Detailed Product Description
Half of the United States' barley production is used as an animal feed. A large part of the remainder is used for and is a key ingredient in and production. Two-row barley is traditionally used in German and English beers, and six-row barley was traditionally used in American beers. Both varieties are in common usage in America now. Non-alcoholic drinks such as and (popular in and ) are also made from unhulled barley. Barley is also used in soups and stews, particularly in Eastern Europe. A small amount is used in health foods and .
Barley is more tolerant of soil salinity than wheat, which might explain the increase of barley cultivation on Mesopotamia from the 2nd millennium BC onwards. Barley is not as cold tolerant as the winter wheats (Triticum aestivum), fall rye (Secale cereale) or winter Triticale (X TricticaleWitt.), but may be sown as a winter crop in warmer areas of the world such as Australia.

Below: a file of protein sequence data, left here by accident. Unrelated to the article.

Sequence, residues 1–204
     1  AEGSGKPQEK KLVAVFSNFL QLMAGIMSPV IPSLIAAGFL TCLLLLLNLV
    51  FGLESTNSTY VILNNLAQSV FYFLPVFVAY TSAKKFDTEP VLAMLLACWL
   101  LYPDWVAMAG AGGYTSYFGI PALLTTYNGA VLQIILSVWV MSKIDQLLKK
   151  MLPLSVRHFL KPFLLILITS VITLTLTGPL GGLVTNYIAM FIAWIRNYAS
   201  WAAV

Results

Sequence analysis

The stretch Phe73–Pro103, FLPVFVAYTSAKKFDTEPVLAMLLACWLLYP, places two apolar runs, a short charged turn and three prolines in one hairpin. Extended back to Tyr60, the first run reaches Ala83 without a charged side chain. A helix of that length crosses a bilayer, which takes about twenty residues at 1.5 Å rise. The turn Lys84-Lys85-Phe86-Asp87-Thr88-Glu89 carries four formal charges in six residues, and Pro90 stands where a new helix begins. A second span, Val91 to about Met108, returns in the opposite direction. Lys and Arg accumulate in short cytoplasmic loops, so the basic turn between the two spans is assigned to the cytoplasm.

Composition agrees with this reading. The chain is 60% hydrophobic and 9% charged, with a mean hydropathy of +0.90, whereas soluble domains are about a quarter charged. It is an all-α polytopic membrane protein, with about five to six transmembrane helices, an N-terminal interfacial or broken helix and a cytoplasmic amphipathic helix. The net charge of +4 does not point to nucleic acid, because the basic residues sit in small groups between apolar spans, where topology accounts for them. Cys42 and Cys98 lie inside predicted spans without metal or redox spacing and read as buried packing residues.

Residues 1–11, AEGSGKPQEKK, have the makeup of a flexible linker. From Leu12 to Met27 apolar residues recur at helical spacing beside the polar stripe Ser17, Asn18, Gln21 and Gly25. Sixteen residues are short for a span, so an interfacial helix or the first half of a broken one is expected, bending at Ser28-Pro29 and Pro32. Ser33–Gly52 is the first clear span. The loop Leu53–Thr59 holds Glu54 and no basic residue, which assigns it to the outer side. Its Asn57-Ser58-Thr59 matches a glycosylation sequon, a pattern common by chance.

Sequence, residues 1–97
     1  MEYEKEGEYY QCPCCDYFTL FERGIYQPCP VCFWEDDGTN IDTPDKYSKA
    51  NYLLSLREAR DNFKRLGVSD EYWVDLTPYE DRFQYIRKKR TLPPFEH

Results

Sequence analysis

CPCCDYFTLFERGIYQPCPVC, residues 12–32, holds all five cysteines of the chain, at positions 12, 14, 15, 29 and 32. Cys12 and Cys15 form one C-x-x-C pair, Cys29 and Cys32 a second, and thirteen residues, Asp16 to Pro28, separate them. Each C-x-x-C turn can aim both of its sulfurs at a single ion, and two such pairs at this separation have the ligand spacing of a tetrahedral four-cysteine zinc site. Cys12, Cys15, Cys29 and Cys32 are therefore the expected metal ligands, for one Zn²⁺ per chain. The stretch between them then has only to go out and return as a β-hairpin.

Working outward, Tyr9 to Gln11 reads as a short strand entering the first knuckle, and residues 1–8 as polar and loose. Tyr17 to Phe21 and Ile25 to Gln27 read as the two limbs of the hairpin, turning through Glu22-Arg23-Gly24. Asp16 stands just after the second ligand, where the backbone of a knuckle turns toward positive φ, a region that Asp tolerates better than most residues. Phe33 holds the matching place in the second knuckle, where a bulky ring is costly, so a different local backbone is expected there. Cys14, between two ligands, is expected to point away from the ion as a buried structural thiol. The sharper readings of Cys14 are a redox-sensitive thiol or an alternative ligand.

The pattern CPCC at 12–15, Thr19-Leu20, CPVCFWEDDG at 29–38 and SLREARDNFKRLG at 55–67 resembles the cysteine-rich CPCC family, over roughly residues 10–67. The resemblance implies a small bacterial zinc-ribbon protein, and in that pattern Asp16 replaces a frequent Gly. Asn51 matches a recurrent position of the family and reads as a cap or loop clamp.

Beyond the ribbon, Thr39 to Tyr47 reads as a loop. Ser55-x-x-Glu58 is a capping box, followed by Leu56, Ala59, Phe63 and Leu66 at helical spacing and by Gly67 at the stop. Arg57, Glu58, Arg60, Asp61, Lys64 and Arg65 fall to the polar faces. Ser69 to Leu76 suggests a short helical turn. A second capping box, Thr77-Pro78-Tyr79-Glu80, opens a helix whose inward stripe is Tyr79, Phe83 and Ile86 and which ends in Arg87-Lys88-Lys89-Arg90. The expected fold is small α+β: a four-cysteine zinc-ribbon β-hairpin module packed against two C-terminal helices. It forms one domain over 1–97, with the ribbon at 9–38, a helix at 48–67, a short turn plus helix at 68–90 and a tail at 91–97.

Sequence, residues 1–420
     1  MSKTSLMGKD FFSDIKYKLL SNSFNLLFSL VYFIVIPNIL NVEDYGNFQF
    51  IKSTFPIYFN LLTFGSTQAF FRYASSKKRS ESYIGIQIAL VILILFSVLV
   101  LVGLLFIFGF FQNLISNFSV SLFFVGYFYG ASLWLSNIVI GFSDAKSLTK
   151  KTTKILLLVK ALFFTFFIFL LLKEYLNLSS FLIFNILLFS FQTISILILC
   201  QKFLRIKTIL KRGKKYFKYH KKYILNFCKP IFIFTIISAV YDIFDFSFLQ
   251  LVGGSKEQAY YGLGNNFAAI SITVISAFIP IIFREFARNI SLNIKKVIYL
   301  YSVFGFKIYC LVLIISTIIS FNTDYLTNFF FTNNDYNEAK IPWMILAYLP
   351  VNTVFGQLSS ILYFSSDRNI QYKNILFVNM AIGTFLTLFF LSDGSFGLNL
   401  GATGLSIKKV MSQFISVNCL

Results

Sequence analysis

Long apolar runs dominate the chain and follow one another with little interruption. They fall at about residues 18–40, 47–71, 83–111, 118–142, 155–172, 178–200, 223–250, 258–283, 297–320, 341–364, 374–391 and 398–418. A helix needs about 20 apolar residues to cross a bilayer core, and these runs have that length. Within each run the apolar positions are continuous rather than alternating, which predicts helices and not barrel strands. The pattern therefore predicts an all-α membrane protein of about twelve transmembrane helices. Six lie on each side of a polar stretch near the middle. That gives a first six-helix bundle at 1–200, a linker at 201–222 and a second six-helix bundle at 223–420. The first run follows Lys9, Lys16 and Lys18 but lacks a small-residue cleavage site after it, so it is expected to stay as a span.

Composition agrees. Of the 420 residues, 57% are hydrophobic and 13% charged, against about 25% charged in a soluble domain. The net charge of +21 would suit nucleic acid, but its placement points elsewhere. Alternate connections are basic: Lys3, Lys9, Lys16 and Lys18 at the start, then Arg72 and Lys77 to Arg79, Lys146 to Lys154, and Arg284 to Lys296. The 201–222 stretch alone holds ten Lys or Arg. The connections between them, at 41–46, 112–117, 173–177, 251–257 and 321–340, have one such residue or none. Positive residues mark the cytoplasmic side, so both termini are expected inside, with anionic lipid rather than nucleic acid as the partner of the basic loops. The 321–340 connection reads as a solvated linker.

Barley must have its fibrous outer hull removed before it can be eaten. Barley grains with their hulls still on are called covered barley or 'hulled barley". Once the grain has had the inedible hull removed, it is called dehulled barley. At this stage, the grain still has its and , which are nutritious. Dehulled barley is considered a , and is a popular . Pearl barley or pearled barley is hulled barley which has been processed further to remove the bran. It may be polished, a process known as "pearling". Dehulled or pearl barley may be processed into a variety of barley products, including , flakes similar to , and .
According to a recent study, eating whole grain barley can regulate blood sugar for up to 10 hrs after consumption compared to white or even whole-grain wheat, which has a similar .
An additional barley product is the straw. It is placed in mesh bags and floated in fish ponds or water gardens to help reduce algal growth without harming the plants or animals in the habitat.